Hoge CW, Echeverria P, Rajah R, Jacobs J, Malthouse S, Chapman E, Jimenez LM, Shlim DR, 1995. Prevalence of Cyclospora species and other enteric pathogens among children less than 5 years of age in Nepal. J Clin Microbiol 33 :3058–3060.

    • Search Google Scholar
    • Export Citation
  • 12

    Amar CF, Dear PH, McLauchlin J, 2003. Detection and genotyping by real time PCR/RFLP analyses of Giardia duodenalis from human faeces. J Med Microbiol 52 :681–683.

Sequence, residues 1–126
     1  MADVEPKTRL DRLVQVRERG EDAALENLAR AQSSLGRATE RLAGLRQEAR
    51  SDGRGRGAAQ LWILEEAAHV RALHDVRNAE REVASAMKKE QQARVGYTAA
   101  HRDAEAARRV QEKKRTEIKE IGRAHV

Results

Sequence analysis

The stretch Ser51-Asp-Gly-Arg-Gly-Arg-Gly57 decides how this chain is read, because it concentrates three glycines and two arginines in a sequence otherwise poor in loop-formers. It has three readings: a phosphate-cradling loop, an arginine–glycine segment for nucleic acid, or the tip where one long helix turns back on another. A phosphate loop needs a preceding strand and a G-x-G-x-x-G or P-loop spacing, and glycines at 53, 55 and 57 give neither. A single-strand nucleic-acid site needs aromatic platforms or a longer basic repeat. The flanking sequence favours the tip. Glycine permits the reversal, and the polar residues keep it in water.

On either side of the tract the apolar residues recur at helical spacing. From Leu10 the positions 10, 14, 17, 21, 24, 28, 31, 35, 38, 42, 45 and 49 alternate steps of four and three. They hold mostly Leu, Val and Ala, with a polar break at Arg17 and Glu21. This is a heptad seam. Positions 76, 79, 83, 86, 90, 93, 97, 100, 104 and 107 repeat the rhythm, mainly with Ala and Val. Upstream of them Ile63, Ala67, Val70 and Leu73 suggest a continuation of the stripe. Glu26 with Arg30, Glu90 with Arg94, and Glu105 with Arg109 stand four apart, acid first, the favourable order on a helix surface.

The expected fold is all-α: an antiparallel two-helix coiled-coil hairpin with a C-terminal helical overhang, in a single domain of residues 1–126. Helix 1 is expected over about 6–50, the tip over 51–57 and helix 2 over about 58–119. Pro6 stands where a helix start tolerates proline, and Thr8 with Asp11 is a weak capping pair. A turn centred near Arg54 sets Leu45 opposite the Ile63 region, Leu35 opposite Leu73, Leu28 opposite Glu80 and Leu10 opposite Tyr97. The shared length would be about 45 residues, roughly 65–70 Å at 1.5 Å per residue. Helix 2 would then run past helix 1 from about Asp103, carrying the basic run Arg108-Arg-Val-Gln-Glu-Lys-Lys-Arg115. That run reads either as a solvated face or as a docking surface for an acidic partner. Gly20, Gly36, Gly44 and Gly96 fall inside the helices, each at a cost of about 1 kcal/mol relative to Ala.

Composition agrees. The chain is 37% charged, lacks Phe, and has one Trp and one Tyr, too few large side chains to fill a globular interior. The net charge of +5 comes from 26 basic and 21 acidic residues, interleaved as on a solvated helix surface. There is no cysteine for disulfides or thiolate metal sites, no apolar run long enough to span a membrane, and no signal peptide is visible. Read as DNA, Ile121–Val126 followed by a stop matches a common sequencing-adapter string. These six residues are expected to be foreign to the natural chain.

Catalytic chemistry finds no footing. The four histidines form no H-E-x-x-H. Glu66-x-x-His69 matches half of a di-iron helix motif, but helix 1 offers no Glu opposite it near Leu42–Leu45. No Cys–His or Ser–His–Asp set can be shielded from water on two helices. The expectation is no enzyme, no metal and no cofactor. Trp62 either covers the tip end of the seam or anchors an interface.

• Search Google Scholar
    • Export Citation
  • 13

    Sulaiman IM, Jiang J, Singh A, Xiao L, 2004. Distribution of Giardia duodenalis genotypes and subgenotypes in raw urban wastewater in Milwaukee, Wisconsin. Appl Environ Microbiol 70 :3776–3780.

    • Search Google Scholar
    • Export Citation